"It's so messed up," said Myra, a 23-year-old Pakistani who has dyed her hair reddish-brown.
"You see the servants and the drivers at the parties watching you and you wonder what kind of a person they think you are."
To avoid prying eyes, the kind of alcohol-fuelled blow-outs enjoyed by Myra and her friends are held in lonely farm-houses in the outskirts of Islamabad and other cities, or in affluent neighbourhoods behind high walls. Organisers charge on average a $60 entry fee, an amount most Pakistanis earn in a month.
Rafia, petite with long, black hair and wearing tight jeans and a low-cut black blouse, is a regular on the party scene.
She frowns on women who carry secret cell phones unmonitored by their parents and wear revealing outfits under conservative dress that come off before getting on the dance floor.
"You can either be God-fearing or you can party," she said, taking a drag on a marijuana joint at a recent rave.
"I don't pray regularly and I usually stick to my fast. But at the end of the day, I don't say I am a very religious person."
Not everyone agrees.
Bina Sultan, 40, an attractive fashion designer, showcases nude paintings and topless male models in shows. She also wears a silver pendant engraved with a verse from the Koran.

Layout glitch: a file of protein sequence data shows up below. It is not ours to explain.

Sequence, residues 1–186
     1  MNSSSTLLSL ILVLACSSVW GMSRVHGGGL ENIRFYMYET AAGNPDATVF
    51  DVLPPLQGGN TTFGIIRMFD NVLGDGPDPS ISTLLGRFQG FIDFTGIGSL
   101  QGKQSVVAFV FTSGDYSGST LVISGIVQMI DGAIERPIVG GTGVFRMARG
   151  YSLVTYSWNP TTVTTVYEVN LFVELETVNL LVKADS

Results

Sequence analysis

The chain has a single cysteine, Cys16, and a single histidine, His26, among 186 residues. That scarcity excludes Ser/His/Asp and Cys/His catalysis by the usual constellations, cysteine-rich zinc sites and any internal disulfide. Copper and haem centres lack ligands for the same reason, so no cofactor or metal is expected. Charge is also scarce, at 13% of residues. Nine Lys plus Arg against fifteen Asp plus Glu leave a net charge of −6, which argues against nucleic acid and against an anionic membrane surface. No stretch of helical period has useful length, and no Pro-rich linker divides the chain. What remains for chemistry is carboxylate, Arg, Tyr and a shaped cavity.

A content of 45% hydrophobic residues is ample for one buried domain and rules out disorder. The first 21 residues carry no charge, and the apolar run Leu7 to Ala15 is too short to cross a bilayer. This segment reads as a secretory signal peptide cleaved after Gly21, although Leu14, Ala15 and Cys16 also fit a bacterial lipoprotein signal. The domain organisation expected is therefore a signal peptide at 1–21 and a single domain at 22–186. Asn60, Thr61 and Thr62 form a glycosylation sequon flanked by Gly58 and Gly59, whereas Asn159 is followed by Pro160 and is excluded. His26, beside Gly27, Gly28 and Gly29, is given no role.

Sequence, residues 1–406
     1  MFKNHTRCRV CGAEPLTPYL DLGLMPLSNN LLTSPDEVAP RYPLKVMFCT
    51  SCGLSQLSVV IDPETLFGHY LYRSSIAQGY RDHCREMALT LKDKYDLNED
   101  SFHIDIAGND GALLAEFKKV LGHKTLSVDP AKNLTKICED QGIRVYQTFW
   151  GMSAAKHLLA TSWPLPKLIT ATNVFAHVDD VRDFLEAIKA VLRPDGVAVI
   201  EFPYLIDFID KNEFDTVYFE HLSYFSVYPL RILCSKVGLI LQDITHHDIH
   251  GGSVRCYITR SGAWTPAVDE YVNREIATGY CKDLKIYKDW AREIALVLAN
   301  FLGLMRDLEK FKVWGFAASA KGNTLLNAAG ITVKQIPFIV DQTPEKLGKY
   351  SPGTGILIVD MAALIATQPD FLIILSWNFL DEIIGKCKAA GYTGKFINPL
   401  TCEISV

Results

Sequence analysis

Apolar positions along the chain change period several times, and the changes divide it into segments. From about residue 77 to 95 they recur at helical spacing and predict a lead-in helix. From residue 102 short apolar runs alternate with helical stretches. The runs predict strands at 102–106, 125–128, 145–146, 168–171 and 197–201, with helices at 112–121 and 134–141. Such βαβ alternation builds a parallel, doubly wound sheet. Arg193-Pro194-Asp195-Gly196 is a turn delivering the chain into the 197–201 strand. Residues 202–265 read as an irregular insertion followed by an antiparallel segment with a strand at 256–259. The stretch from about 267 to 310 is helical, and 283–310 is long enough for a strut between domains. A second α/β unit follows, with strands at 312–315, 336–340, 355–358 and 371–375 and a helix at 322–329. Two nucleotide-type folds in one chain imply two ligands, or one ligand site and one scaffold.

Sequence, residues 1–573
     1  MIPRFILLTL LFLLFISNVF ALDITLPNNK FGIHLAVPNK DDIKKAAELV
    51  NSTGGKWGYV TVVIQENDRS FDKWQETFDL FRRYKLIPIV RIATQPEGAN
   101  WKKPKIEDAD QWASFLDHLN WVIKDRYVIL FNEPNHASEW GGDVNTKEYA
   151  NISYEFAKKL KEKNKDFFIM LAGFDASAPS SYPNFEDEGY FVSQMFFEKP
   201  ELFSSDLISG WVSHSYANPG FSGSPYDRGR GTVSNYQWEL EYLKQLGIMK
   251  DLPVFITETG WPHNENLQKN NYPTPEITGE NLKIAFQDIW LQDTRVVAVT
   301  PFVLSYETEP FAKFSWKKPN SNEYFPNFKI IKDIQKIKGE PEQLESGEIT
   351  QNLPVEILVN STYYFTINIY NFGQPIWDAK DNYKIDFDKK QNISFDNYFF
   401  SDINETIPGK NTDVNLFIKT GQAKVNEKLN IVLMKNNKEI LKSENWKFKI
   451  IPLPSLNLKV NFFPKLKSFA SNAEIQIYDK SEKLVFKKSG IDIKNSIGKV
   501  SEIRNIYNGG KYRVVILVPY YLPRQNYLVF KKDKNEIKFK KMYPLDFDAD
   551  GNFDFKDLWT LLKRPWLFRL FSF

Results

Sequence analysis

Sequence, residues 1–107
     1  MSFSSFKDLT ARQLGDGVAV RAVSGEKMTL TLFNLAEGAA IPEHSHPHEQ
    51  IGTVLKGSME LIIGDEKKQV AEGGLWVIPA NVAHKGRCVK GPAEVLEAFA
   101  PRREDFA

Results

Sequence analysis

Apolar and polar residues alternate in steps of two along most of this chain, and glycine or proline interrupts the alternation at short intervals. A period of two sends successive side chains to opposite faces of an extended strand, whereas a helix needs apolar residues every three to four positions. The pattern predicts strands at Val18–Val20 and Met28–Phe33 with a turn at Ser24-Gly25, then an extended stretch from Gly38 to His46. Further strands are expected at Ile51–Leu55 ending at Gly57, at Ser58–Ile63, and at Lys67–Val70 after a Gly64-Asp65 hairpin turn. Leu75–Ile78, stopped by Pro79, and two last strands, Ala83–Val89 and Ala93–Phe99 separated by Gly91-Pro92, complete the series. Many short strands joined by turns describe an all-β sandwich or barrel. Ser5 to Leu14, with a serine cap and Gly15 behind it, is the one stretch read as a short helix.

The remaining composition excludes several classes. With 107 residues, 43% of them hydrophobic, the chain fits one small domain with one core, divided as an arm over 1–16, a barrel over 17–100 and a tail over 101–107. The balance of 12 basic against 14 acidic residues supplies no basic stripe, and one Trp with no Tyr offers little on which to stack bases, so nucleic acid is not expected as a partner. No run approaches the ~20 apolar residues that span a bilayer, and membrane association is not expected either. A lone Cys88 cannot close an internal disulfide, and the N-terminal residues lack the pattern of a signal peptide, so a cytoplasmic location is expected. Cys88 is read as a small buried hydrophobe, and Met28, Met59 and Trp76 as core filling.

"People think I am shameless but I am actually very religious," she said at her studio, peppering her sentences with "jaani", Urdu for darling, while chain smoking.
"My faith is very strong. But everything I do is between my God and me."
Conservatism began sweeping through Pakistan during the military dictatorship of General Mohammad Zia ul-Haq in the 1980s under a drive to Islamize the state.
Zia's policies are widely blamed for a creeping culture of intolerance that has further isolated liberals.
In an incident that traumatised the elite, the governor of Punjab province, Salman Taseer, was assassinated by his own bodyguard last year for opposing harsh anti-blasphemy laws.
The reaction was almost more shocking to liberals than the murder itself. Clerics organised huge rallies to praise the killer. Even lawyers, once at the vanguard of Pakistan's democracy movement, showered him with rose petals.
In the growing climate of fear, the space for liberal voices is shrinking.
Pakistani rapper Adil Omar, who attends weekend parties, pokes fun of the Taliban and rising conservatism in his songs. But he never goes too far.
"A lot of people seem to be torn and seem to have an identity crisis," said Omar, who wears the traditional flowing shirt and baggy trousers. His elaborate forearm tattoo featuring a semi-naked woman and a unicorn has drawn fire on his Facebook page from some fans who see it as an offence to Islam.
"I am careful not to give any opinions regarding religion on the record," he said, adding: "I don't want some crazy person chopping off my head." (Editing by Michael Georgy and Raju Gopalakrishnan)